“And we, the said Commissioners, certify that the said new fences enclosing the parcel of land in trust, directed by us to be made, with ditches 4feet 6inches wide at the top and of the depth of feet, perpendicular, with a sufficient number of gates, with oak posts and proper gate irons therein, have been made, and that white thorn layers have been set in the banks of the fences, and good thorns or other wood have been set on the summits of such banks. And we, the said Commissioners, have computed the costs and charges under the said act to be £1947 18s. 6d., to be paid by the several persons to whom allotments have been made, save and except the several persons particularly exempted on account of allotments made to them in trust as aforesaid from the payment of any of the said charges of the Act.”

It would seem that, contrary to the views of some, that the fen was also much wetter some of the time, than in recent years:

A flooded Boughton Fen looking towards White Bridge on the Oxborough Road

Around 1907, a Miss E.A.Pratt (housekeeper and niece of Richard Harwin) financed the building of a small chapel for the residents of Boughton Fen. Unfortunately it no longer stands. Interestingly, the house that Mark and I live in now was the home of Miss Pratt, who was given a sum of money by Richard Harwin to build herself a home – on the condition that she never married !!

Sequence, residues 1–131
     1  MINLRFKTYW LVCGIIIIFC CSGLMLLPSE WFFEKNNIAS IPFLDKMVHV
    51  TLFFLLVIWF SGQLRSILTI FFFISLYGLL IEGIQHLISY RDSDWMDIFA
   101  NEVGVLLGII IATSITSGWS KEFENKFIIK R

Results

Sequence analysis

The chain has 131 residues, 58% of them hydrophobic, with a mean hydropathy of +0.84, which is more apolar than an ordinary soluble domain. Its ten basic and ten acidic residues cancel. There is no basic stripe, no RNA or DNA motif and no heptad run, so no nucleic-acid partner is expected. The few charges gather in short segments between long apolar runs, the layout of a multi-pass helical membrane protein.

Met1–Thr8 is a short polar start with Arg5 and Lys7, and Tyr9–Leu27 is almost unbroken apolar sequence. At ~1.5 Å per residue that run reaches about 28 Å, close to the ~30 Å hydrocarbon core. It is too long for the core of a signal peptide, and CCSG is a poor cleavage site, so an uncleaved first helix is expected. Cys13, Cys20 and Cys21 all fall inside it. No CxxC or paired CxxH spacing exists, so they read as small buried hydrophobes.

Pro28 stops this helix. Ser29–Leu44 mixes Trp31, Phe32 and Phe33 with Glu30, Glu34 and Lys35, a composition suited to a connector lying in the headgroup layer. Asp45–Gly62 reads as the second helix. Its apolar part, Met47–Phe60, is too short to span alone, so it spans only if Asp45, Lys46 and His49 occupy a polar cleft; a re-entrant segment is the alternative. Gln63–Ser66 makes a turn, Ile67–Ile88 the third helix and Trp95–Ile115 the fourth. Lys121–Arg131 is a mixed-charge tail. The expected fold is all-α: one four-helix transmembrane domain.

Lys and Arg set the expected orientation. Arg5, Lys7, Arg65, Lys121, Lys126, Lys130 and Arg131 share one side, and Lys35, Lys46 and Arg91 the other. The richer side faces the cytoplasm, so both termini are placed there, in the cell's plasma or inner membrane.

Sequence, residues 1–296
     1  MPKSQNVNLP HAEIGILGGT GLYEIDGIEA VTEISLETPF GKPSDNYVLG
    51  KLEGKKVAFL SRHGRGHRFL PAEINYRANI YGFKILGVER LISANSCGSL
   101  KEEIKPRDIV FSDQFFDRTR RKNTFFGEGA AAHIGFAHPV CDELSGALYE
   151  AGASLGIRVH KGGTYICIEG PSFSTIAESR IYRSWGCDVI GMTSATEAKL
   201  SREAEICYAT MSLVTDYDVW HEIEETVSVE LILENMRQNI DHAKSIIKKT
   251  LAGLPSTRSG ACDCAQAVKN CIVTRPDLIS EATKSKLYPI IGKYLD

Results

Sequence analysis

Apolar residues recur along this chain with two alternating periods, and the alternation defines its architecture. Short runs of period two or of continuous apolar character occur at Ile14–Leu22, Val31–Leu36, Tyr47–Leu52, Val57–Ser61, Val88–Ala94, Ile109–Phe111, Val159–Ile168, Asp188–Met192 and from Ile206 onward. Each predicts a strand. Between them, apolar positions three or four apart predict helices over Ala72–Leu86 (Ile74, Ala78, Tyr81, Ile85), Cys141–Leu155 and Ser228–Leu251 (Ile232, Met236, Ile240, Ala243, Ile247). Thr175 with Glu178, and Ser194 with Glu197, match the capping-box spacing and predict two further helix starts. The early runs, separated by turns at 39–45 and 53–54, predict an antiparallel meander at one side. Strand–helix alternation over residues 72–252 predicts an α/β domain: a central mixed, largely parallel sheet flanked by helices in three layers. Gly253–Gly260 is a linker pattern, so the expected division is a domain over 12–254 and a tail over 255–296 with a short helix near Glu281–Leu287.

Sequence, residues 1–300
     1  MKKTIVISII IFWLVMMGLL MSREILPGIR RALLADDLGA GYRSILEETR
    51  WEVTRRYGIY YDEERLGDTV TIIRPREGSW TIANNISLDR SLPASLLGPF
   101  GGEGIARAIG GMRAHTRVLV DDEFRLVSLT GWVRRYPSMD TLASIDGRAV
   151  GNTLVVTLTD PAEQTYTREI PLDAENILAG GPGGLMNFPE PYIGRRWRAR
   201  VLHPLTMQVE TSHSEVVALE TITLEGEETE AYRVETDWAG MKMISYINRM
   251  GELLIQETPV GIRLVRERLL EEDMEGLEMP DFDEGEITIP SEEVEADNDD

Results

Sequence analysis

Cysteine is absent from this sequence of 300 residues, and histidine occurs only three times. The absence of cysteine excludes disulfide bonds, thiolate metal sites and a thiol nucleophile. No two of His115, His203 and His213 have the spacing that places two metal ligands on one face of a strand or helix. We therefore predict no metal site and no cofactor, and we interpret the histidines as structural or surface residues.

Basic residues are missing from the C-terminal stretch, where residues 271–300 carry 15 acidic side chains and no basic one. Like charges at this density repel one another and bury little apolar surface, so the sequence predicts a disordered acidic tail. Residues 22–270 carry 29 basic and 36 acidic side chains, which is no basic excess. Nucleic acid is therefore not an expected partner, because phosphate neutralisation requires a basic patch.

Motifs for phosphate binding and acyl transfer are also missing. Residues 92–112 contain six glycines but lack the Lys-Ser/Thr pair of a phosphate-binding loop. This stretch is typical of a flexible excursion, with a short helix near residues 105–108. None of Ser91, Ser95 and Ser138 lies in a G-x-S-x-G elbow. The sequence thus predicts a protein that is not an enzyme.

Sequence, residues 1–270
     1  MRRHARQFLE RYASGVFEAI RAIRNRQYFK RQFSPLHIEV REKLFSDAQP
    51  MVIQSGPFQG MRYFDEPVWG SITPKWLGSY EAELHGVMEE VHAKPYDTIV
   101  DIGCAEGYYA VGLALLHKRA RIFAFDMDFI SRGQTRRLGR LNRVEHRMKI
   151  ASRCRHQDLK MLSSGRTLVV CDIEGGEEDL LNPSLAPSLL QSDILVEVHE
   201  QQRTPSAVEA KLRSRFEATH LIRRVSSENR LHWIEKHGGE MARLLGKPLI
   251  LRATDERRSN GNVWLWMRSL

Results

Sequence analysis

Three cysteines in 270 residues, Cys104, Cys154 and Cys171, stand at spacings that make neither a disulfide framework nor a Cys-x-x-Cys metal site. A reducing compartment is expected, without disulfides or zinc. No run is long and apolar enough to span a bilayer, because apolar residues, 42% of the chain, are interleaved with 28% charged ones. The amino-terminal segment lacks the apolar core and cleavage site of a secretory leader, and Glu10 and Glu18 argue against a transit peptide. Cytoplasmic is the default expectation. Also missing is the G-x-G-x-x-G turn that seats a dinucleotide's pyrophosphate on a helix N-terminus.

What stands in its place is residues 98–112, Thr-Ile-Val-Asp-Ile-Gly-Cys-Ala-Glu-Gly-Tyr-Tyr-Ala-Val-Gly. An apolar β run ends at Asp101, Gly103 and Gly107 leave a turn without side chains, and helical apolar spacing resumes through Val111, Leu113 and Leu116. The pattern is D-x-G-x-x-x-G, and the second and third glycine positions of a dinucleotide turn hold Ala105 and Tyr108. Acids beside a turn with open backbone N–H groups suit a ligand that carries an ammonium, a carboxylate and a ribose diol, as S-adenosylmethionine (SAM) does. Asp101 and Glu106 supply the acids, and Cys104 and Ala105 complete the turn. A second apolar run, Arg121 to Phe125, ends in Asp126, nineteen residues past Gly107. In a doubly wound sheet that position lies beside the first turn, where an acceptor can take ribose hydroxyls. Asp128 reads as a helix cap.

Boughton Fen Chapel

Fast forward to 1965 – and the introduction of the Commons Registration Act. The Chair of the Parish Meeting was at that time Mrs Audrey Payne, who registered both Boughton Fen
(known as Boughton Common at that time) and the village green around the pond as areas of common land on 13th June 1968. Grazing rights were awarded to the four principal farms in the village – Field Farm, Church Farm, Hall Farm and The Poplars. Those rights go with the farmhouses, rather than the farmer. At the present time only one of these houses is still
occupied by the owner of the farm to which the right relates, the others having all become private dwellings with no interest in farming. The grazing rights are very specific, with each farm being entitled to graze a different assortment and number of beasts. Dates for grazing were specified, and ages for the permitted livestock given. The number of adult cows ranged from 2 to 12, presumably according to the prestige of the farm. As all these houses still exist, it is clear to see that they become progressively grander in keeping with the number of animals permitted.

At the same time, the cottage dwellers on the fen lost the right to dig peat for fuel.

The registration form reads like something from at least a hundred years ago – yet it was finalised as recently as 1972.

There was absolutely no interest in conservation then, or wildlife, or any of the other things that we value now. In fact, at one point it seems that there was a move to plough the site up and grow crops. Fortunately, the Ministry of Agriculture had no funds at this time, so this never happened.
Things did not appear to change until after 1983 when English Nature (the precedent of Natural England) identified the site as a SSSI.